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Ask the Expert: How Can I Prevent Spreading Cavity-Causing Bacteria to My Child?

Studies have shown that even kissing your child can cause the transfer of cavity-causing bacteria from you to your child. Marc Liechtung, D.M.D., shares what you can do to prevent this and help you child have good dental and oral health.

I’ve heard that parents can sometimes transfer cavity-causing bacteria to their baby. Is this true, and what can I do to prevent spreading this bacteria to my infant?

Baby with fingers in mouthStudies show that infants are not born with the bacteria that cause cavities, but that they are infected most often by the transfer of saliva from their parents, according to Marc Liechtung, D.M.D., dentist and principal at Manhattan Dental Arts, an Upper West Side practice that specializes in cosmetic and restorative dentistry.

Young children are at particular risk for catching cavity-causing bacteria. A 2007 study by University of Queensland in Australia found that moms frequently infect their babies with bugs found in the mouths of 30 percent of 3-month-old infants and more than 80 percent of 24-month-olds with primary teeth. The American Academy of Pediatric Dentistry also noted in a 2008 study that mothers, as well as fathers, were the primary cause of bacteria colonization in children.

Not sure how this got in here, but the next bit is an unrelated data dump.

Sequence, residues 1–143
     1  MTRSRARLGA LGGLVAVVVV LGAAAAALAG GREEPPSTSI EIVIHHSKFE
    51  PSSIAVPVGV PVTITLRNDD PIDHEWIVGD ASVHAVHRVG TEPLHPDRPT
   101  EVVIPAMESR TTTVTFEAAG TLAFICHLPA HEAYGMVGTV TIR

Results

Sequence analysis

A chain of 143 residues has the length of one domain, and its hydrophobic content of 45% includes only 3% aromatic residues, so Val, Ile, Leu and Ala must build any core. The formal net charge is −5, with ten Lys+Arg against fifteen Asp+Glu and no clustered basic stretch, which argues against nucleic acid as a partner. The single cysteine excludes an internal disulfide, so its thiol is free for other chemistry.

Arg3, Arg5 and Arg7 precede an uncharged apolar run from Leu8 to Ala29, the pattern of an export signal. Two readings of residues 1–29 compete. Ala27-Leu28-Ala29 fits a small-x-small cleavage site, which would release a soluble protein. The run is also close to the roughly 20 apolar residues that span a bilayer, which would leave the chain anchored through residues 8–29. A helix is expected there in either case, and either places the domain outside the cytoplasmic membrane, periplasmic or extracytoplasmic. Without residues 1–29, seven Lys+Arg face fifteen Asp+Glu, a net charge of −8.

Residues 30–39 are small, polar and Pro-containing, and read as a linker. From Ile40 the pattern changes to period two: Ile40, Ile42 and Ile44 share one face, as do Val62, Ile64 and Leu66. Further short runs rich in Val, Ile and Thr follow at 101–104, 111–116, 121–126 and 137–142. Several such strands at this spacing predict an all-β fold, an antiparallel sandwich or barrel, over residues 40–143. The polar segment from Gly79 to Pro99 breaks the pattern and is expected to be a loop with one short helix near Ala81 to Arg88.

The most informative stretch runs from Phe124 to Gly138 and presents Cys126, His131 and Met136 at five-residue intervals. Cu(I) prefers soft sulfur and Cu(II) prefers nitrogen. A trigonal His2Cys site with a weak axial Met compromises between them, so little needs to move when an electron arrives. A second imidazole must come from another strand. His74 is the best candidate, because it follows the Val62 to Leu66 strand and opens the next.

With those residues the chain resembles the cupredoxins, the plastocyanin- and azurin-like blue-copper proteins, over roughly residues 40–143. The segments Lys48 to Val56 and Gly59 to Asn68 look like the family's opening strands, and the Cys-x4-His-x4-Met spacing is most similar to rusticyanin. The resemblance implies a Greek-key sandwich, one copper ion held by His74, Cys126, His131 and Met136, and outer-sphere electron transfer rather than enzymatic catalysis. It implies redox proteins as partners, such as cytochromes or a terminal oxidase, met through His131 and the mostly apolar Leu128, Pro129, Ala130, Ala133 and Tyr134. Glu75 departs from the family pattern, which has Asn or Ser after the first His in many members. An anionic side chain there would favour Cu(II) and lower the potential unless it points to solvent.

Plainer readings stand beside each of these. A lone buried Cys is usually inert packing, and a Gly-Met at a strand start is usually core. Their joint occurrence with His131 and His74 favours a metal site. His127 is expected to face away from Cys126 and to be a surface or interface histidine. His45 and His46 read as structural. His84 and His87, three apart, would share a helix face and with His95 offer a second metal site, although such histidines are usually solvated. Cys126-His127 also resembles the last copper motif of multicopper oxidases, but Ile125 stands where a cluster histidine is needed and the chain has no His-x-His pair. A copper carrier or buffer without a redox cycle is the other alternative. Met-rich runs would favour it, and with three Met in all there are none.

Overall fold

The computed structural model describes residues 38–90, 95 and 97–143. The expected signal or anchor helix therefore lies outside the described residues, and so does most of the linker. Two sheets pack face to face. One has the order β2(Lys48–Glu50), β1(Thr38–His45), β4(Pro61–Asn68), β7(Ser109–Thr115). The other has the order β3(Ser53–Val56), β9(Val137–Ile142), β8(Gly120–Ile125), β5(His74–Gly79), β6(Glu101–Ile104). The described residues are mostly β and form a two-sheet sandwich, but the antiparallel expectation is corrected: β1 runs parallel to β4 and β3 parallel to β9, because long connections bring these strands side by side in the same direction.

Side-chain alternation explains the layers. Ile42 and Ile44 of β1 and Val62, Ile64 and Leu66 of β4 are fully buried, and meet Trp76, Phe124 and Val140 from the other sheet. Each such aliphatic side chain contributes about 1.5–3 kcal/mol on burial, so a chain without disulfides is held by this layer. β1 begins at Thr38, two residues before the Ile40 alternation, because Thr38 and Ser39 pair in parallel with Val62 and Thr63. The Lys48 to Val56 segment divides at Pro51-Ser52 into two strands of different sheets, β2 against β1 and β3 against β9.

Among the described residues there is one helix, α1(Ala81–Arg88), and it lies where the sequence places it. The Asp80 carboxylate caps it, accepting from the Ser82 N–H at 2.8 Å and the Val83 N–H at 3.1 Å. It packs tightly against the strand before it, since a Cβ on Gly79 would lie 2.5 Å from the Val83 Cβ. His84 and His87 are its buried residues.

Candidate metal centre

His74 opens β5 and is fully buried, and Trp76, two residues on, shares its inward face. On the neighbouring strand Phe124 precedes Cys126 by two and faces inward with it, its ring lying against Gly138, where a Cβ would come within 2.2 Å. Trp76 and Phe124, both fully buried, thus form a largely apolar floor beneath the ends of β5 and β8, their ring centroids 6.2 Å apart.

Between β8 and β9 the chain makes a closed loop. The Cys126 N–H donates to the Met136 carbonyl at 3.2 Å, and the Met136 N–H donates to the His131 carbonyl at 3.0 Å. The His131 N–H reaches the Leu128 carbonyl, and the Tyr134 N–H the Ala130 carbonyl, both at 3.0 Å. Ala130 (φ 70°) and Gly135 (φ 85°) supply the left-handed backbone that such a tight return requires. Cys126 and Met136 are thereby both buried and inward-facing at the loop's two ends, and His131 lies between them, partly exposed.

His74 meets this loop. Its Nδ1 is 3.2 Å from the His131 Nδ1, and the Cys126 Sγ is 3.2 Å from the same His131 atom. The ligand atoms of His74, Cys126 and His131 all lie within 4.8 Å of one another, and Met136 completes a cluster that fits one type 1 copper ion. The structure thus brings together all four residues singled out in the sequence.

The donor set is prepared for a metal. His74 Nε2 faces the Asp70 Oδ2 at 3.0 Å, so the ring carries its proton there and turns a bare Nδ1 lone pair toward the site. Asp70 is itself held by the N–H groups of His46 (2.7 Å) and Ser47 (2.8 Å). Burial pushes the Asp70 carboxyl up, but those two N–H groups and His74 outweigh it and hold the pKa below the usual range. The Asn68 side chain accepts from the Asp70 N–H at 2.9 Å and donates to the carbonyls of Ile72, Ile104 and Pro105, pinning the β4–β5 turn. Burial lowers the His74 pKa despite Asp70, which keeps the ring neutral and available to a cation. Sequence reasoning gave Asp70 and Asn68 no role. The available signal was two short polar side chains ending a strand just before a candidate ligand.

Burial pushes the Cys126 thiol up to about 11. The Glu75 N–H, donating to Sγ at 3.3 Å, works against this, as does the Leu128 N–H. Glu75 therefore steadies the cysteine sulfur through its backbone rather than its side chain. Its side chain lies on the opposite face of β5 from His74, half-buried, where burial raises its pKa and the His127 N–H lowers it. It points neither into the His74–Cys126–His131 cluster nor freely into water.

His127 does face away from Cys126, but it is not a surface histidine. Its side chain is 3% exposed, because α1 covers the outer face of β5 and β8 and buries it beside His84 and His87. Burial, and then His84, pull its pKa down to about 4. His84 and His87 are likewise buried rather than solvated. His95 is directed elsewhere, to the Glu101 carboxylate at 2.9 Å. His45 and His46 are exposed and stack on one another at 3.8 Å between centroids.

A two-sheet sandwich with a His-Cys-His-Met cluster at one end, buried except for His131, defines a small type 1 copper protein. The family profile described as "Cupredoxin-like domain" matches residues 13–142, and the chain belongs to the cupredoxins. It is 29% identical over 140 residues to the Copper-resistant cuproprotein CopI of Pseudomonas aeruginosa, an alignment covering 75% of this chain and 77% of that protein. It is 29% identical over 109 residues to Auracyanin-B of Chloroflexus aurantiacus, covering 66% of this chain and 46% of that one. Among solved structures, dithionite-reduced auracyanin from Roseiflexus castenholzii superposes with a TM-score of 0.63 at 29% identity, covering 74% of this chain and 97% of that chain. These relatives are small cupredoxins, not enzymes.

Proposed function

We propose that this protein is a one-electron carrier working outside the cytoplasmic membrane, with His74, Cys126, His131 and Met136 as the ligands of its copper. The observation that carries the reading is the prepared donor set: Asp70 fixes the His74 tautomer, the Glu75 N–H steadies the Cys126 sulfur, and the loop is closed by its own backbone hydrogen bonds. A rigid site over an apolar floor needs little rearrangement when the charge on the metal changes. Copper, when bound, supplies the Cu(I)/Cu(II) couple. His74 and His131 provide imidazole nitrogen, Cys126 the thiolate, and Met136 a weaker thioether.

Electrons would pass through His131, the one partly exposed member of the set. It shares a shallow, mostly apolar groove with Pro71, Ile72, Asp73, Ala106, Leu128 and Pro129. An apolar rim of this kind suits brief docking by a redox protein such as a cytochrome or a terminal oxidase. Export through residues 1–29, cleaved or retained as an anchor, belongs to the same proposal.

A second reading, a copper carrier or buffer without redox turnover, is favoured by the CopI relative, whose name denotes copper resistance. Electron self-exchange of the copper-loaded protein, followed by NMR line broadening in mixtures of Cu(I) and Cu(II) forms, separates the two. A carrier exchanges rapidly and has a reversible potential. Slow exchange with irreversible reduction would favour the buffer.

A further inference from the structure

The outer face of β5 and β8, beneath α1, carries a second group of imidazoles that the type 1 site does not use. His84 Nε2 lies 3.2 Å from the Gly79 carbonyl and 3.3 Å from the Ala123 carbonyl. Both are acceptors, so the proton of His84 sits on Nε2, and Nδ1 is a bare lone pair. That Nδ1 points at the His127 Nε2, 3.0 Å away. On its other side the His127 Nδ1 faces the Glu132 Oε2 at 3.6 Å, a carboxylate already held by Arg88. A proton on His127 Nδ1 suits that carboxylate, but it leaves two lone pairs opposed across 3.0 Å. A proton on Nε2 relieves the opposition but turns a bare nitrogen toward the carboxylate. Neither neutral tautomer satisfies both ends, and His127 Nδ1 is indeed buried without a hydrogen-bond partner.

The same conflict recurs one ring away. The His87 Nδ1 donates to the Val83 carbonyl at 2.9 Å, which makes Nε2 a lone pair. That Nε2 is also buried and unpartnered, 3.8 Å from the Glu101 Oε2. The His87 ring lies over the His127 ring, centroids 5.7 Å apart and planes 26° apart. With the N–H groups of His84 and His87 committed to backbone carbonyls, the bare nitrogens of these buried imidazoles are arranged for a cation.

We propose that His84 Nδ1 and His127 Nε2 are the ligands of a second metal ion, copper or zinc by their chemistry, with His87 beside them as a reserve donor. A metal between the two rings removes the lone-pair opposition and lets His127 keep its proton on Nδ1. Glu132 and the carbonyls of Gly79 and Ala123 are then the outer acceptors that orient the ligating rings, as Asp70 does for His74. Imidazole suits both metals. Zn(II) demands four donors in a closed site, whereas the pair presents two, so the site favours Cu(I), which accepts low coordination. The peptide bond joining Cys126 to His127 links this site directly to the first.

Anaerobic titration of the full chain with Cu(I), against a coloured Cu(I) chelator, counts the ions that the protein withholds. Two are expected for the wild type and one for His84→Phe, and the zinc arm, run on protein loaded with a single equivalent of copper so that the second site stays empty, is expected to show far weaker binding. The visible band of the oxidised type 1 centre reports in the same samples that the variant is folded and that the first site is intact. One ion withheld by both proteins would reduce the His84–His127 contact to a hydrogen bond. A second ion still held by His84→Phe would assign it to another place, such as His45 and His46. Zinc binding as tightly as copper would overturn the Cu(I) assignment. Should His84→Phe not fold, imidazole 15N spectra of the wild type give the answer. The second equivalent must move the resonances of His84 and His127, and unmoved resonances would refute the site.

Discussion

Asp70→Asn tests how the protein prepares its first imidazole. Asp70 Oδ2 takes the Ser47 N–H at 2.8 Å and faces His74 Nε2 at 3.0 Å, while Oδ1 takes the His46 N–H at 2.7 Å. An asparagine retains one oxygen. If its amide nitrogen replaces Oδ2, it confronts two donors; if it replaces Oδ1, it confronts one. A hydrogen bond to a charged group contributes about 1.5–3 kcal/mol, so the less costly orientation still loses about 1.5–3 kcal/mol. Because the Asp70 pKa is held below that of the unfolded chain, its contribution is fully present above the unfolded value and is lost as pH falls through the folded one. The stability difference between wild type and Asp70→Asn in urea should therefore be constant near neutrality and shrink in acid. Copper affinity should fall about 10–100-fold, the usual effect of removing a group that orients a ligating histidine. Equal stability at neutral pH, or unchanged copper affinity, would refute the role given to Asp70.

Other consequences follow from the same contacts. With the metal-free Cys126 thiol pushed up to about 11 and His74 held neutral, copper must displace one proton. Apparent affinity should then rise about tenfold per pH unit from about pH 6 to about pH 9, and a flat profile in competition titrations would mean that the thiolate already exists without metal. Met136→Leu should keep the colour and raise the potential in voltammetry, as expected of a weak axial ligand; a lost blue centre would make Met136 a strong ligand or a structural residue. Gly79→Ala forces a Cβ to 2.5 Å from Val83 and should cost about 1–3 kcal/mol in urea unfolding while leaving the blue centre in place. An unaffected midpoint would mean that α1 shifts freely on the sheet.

Once the transmission of bacteria from parent to baby has occurred the bacteria can rapidly multiply. The transmission of this decay-causing oral bacterium from parent to infant could be caused by kissing your infant, sharing eating utensils or a toothbrush with your infant, blowing on or pre-chewing your child’s food, tasting the food or testing the temperature in your mouth prior to feeding, cleaning off the infant’s pacifier with your own mouth, and the infant placing his or her fingers into your mouth and then into their own.

Since we live in a real-world scenario, it may be downright impossible to avoid some of these shared behaviors. But, there may be a way around it. “Wipe your baby’s mouth out with a clean wet cloth after each feeding,” Dr. Liechtung says. “If you wipe the tongue, teeth, and the inside of the cheeks from infancy on, then you will help to prevent the colonies of bacteria from forming.”

“And make sure that your own oral health is taken care of with twice-annual visits to the dentist and practicing good oral care,” Dr. Liechtung adds. “The cleaner your own mouth is, the better it is for your baby.”

Marc Liechtung, D.M.D., is principal of Manhattan Dental Arts, an Upper West Side practice that specializes in cosmetic and restorative dentistry. He received his D.M.D. from The University of Pennsylvania School of Dental Medicine and, due to his experience in dental restoration, created Snap On Smile, a multipurpose restorative dental appliance.


Also see:

How-To: Care for Baby Smiles

How To: Teach Teeth Brushing Basics to Young Children

Dental Sealants: A Primer for Parents

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